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Department of Surgery

Department of Surgery

Adrenal

Endocrine Surgery

Appointments and Referrals

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Contact our Physician Referral Center to initiate a referral on behalf of your patient or to request a physician-to-physician phone consultation.

(800) 4-UCDAVIS (800-482-3284),
choose option 2

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What is the adrenal gland?

You have two adrenal glands. They rest in the back of your abdomen just above your kidneys. The adrenal glands are responsible for producing several hormones that help regulate many things in your body. The outside layer of you adrenal glands (called the cortex) makes three main hormones:

  1. cortisol – which regulates your response to stress
  2. aldosterone – which helps control you blood pressure
  3. androgens and estrogens – which control your reproductive organs

The inside of your adrenal glands (called the medulla) makes catecholeamines (epinephrine, norepinephrine and dopamine). These hormones are frequently referred to as "adrenaline" and mediate your "flight or fight" response. Tumors of the adrenal gland frequently produce one of the above hormones.

My doctor told me I need to have one adrenal gland removed. Can I survive with only one adrenal gland?

Yes. Only one (and sometimes even a portion of one) adrenal gland is necessary to function normally.

What is a pheochromocytoma?

A pheochromocytoma is a tumor of the adrenal gland that produces catecholamines (too much adrenaline). Historically patients with pheochromocytomas would have symptoms of headaches, sweating and heart palpitations, but in modern times, these tumors are frequently found incidentally on a CT scan done for something else. Many times patients are totally asymptomatic.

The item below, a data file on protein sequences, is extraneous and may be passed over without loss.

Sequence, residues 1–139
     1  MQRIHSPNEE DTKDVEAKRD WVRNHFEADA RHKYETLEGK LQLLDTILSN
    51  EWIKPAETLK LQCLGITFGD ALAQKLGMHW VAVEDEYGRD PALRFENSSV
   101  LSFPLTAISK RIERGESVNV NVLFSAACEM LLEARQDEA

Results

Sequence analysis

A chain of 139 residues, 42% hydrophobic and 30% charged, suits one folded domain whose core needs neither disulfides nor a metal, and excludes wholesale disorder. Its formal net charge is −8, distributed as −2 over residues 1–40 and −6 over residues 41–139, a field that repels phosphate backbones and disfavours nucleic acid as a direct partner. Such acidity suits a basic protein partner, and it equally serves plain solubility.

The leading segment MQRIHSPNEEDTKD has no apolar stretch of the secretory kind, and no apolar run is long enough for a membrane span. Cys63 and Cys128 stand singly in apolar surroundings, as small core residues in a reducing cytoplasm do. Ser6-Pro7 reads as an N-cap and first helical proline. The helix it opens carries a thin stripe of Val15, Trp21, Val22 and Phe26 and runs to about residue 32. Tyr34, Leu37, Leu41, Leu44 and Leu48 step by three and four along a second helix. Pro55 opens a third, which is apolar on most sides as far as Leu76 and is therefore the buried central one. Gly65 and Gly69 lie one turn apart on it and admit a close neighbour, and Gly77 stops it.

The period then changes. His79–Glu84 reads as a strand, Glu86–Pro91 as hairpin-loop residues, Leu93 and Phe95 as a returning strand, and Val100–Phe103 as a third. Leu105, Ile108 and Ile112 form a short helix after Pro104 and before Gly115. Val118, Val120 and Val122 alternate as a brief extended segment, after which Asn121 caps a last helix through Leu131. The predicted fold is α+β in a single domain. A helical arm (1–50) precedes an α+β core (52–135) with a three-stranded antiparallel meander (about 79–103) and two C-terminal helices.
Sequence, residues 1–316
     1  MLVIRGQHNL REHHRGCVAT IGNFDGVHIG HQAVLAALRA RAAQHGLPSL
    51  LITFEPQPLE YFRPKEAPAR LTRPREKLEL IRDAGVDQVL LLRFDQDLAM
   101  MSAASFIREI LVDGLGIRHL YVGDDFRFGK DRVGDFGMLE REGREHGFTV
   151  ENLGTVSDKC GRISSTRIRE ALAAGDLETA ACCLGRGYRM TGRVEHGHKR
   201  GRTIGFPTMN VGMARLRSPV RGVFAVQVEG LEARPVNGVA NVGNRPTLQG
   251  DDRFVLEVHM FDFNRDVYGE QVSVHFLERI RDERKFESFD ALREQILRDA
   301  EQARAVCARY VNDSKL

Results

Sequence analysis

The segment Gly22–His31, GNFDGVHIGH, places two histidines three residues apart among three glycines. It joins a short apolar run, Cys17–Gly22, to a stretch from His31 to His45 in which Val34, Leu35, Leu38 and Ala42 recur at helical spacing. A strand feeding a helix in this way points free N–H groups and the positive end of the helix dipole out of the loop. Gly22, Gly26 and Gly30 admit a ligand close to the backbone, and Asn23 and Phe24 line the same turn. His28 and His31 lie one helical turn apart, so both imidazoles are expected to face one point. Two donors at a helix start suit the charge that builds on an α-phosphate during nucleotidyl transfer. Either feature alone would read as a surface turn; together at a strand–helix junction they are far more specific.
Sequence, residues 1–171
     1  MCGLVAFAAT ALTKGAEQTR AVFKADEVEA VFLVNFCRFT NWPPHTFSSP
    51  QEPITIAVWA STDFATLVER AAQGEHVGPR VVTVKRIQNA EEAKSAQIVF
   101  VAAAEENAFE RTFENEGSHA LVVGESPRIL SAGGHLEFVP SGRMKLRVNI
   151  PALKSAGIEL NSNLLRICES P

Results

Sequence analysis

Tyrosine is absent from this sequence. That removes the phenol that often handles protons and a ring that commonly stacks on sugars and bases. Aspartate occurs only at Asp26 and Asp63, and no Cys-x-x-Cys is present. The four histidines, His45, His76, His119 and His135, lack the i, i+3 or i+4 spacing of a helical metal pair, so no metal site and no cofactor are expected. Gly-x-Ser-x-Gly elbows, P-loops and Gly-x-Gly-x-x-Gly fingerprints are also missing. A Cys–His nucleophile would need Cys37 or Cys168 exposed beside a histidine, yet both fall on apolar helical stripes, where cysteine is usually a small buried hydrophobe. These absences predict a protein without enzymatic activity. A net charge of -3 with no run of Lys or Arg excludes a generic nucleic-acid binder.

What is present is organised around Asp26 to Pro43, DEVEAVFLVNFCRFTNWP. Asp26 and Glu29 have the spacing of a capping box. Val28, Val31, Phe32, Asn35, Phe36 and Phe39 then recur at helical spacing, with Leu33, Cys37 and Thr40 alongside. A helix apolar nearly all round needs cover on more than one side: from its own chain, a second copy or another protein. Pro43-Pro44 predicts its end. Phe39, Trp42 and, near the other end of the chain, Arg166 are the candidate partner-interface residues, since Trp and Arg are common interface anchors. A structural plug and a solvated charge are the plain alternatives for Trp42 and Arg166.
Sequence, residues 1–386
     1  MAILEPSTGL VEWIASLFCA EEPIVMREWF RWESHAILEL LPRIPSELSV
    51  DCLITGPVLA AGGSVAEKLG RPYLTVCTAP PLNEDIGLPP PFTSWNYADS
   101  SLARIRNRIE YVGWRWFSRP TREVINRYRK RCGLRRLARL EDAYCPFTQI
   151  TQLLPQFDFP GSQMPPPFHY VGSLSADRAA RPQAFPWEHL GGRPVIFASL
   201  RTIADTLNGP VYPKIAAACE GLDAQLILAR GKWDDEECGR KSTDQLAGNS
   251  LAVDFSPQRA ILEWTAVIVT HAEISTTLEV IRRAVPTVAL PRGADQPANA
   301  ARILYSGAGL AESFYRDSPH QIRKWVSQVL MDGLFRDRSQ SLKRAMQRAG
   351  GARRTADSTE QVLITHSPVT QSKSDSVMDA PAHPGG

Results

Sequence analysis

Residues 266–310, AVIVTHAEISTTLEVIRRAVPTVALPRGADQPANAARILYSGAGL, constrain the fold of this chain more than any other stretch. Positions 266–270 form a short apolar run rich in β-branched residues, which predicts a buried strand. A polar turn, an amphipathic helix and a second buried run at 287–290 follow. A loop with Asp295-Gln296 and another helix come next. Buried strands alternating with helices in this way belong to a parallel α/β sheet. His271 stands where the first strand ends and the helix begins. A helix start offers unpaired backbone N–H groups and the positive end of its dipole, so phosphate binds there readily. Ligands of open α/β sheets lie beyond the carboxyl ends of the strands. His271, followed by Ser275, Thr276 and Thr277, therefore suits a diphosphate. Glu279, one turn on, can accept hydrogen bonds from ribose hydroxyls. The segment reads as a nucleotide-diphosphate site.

What is an adrenal incidentaloma?

An adrenal incidentaloma is an adrenal tumor that is found during a CT, MRI or ultrasound being done for an unrelated reason. Adrenal incidentalomas occur in about 1-7% of patients and are more common as we get older. Most adrenal incidentalomas are benign, but they must be evaluated by an experience physician to see if they are secreting hormones or potentially a cancer.

What is Cushing's syndrome?

Cushing's syndrome means you have too much of the hormone cortisol in your blood. Cortisol is important in your response to stress and plays a role regulating your blood sugars, immune response, mood and weight. Patients with Cushing's syndrome frequently present with weight gain, easy bruising, high blood pressure, diabetes, weakness, mood changes and changes in their appearance such a "moon face" or "buffalo hump." There are many causes of Cushing's syndrome, but sometimes it is caused by a tumor in the adrenal gland. Some patients are noted to have an elevated cortisol level without symptoms of Cushing's syndrome. We call this sub-clinical Cushing's syndrome.

What is an aldosteronoma?

Aldosterone is a hormone produced by your adrenal glands that helps regulate your blood pressure. Small tumors of the adrenal gland can produce too much of this hormone leading to high blood pressure. These tumors are called aldosteronomas.

What is adrenal cancer? My doctor told me I have an adrenal tumor. Does this mean I have a cancer?

Adrenal cortical cancers are fairly uncommon. About 10% of incidentally discovered adrenal tumors are adrenal cancer. Most incidentally discovered adrenal tumors are not cancer, but they still may produce hormones that affect your blood pressure, mood, weight, etc. Other cancers can spread to the adrenal glands. We call these metastases. It is unusual for an adrenal tumor to be the first finding of a cancer from some other location.

How are adrenal tumors removed?

Adrenal tumors are usually removed with a minimally invasive surgery called a laparoscopic adrenalectomy. When you remove an adrenal tumor you remove the associated adrenal gland with it. Your body does fine using your other adrenal gland to secrete the hormones necessary for your daily living.